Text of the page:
HomeDaily updateOver 10,000 ads axed after FCA intervention

Over 10,000 ads axed after FCA intervention


Over 10,000 financial adverts and other promotions were withdrawn or changed last year following intervention from the FCA.

The 17% increase (year-on-year) came as the regulator clamped down on the promotion of high-risk investments, illegal crypto asset promotions and influencer-promoted financial products on social media.

The number of consumer alerts published for unauthorised firms and individual rose 21% from 1,800 in 2022 to 2,285 in 2023.

The FCA also accepted voluntary requirements from 18 firms and used its powers on one firm restricting its ability to communicate or approve financial promotions.

The regulator said it remains concerned about the levels of compliance with financial promotions rules.

In particular, the FCA highlighted its concern at the rise of influencers promoting financial products, including credit and investments on social media which often target younger age groups.

Lucy Castledine, director of consumer investments at the FCA, said: “People need clear, fair and accurate information to base their financial decisions on. We will continue to intervene and take action when we identify firms not meeting our minimum standards.”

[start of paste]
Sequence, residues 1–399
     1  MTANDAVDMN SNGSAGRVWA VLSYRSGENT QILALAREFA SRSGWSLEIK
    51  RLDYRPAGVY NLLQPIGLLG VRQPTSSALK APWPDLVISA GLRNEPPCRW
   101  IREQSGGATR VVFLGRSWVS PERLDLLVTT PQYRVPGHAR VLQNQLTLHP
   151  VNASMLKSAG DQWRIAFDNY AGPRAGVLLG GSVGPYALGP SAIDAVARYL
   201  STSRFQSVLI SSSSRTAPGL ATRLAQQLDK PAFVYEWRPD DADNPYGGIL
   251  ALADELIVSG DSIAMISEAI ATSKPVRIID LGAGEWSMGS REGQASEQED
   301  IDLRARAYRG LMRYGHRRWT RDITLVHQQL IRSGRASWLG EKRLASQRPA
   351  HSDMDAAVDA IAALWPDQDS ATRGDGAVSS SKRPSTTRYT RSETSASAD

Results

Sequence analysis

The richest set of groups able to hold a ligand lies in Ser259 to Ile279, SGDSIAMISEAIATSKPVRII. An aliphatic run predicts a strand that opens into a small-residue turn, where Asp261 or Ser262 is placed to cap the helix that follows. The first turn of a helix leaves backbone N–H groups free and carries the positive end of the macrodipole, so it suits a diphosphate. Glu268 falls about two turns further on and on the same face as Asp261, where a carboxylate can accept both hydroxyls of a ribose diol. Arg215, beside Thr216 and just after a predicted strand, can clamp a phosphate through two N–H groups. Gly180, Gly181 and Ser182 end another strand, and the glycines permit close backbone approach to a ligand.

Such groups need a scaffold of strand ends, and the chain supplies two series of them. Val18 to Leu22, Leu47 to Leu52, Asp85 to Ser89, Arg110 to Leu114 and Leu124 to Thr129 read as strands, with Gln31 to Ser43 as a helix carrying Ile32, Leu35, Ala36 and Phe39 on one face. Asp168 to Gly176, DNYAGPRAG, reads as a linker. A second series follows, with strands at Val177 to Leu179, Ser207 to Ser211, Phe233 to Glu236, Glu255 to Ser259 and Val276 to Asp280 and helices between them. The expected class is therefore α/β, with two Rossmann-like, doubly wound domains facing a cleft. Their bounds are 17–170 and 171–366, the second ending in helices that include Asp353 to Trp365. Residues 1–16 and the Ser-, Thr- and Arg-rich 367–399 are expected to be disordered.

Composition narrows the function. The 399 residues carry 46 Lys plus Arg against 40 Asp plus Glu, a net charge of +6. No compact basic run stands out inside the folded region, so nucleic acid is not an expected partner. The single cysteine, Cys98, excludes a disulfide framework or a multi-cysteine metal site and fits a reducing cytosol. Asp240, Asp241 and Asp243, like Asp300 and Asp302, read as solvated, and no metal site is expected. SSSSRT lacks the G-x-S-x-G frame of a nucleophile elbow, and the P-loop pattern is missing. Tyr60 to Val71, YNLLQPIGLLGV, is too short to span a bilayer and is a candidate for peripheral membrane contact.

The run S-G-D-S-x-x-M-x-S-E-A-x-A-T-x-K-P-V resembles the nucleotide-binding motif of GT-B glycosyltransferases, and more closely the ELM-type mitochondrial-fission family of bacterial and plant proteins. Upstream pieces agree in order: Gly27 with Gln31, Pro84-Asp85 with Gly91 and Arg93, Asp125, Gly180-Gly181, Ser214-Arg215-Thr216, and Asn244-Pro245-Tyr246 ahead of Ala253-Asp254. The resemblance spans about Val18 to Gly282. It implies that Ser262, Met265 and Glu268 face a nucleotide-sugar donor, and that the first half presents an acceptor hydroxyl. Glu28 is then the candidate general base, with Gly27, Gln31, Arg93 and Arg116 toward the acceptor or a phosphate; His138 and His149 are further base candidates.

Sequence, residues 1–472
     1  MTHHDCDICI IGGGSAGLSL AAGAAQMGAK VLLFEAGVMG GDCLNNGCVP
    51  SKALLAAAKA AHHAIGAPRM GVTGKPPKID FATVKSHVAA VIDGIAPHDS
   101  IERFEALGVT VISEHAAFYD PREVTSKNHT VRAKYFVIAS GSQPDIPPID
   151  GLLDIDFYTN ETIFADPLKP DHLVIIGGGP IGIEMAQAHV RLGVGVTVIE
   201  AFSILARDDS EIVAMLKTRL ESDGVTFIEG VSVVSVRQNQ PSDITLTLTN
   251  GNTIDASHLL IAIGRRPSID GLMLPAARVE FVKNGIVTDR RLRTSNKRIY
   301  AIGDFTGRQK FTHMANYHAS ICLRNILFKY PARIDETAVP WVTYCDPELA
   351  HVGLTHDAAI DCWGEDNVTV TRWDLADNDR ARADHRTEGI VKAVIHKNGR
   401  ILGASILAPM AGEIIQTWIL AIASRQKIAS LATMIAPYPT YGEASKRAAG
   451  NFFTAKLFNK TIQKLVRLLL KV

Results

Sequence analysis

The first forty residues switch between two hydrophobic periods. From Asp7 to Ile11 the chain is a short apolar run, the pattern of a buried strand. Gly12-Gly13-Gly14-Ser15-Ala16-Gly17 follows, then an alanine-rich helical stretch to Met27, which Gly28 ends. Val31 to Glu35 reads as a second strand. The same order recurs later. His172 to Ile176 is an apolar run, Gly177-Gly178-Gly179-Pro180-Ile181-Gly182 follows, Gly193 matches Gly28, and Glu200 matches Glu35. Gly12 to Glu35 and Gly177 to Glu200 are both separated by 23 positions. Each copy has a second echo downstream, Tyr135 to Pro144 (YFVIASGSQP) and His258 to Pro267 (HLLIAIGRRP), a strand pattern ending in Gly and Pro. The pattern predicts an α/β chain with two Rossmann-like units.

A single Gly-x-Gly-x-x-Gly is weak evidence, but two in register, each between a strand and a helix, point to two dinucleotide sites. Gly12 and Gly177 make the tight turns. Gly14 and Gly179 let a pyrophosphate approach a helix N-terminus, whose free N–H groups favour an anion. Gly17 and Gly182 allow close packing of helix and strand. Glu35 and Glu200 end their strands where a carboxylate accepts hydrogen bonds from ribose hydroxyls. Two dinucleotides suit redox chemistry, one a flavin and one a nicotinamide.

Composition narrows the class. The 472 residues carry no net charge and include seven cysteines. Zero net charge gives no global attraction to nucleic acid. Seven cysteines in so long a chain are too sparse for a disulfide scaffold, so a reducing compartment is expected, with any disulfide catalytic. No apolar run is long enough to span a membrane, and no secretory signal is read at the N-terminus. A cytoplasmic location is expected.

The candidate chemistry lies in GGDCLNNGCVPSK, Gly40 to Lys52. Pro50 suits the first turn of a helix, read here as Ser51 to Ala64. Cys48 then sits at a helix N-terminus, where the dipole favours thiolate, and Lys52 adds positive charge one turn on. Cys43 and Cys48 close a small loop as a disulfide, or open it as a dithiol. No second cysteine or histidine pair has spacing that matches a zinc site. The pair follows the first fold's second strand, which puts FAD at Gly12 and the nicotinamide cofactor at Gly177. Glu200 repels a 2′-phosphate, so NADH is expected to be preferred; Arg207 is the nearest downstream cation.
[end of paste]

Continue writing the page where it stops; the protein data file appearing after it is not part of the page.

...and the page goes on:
In 2023 the FCA introduced new rules for firms promoting high-risk investments and the Cryptoasset financial promotions regime.

Under the new crypto asset regime, the FCA issued 450 consumer alerts between 8 October 2023 and 31 December 2023.  

The introduction of the new Consumer Duty in July last year also aimed to improve and raise standards across the market; so that consumers are provided with clear, fair and not misleading financial promotions to enable them to make an informed decision.

During the course of 2023 the FCA scanned 140,000 websites resulting in just over 4,700 websites and social media platforms being reviewed. This led to 1,549 alerts being issued and approximately 538 of the offending websites being taken down.

The regulator also reviewed 350 firms which had previously applied to the FCA for authorisation but later withdrew or had their application rejected. It identified 24 of these firms that had active websites promoting products and services without appropriate permission.

As of 7 February this year, authorised firms need permission from the FCA if they want to approve promotions for unregulated persons.

The FCA said this makes sure firms approving financial promotions have the required competence and expertise for the promotions being offered.   




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